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Let $f(t)$ be a generic integrable function (where $t$ is time). Let $F(\omega)$ be its Fourier transform.

Suppose every continuity and integrability condition is met. It is legit to say $\int_{-\infty}^{\infty} f(t) dt = \int_{-\infty}^{\infty} \int_{-\infty}^{\infty} F(\omega) e^{2i\pi\omega t} dt d\omega$ ?

Thanks in advance!

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Yes, under suitable conditions: $$ F(0)=\int_{-\infty}^{\infty}f(t)e^{-2\pi iw0}dt \\ F(0)=\int_{-\infty}^{\infty}\left(\int_{-\infty}^{\infty}F(w)e^{2\pi i w t}dw\right)e^{-i2\pi i t 0} dt $$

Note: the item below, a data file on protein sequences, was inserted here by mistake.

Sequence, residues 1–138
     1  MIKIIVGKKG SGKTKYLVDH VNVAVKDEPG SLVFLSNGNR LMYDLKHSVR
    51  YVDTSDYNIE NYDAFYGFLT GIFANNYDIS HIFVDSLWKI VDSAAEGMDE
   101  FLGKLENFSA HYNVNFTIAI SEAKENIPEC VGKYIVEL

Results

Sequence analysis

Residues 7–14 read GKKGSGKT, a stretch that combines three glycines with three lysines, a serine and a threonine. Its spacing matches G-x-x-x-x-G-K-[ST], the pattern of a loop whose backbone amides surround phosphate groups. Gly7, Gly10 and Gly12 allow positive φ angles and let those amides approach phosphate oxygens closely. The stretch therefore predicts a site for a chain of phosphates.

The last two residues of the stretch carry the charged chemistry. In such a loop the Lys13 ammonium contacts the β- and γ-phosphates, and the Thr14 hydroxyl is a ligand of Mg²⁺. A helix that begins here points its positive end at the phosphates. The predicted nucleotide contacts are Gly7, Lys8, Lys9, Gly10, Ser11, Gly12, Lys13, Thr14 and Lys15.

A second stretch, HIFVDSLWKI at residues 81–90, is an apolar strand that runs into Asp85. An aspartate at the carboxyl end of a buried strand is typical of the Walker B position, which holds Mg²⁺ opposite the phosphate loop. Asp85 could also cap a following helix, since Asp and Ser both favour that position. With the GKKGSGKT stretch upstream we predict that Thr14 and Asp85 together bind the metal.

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  • $\begingroup$ @LoScrondo : You have to correct $x$ in $F(x)$ to $F(w)$. Otherwise the inner integral doesn't exist. $\endgroup$ – DisintegratingByParts Oct 7 '15 at 17:15
  • $\begingroup$ Another typing error. I really apologize! That's the correct formula: $\int_{-\infty}^{\infty} f(t) dt = \int_{-\infty}^{\infty} \int_{-\infty}^{\infty} F(\omega) e^{2i\pi\omega t} d\omega dt$ $\endgroup$ – Lo Scrondo Oct 7 '15 at 17:20

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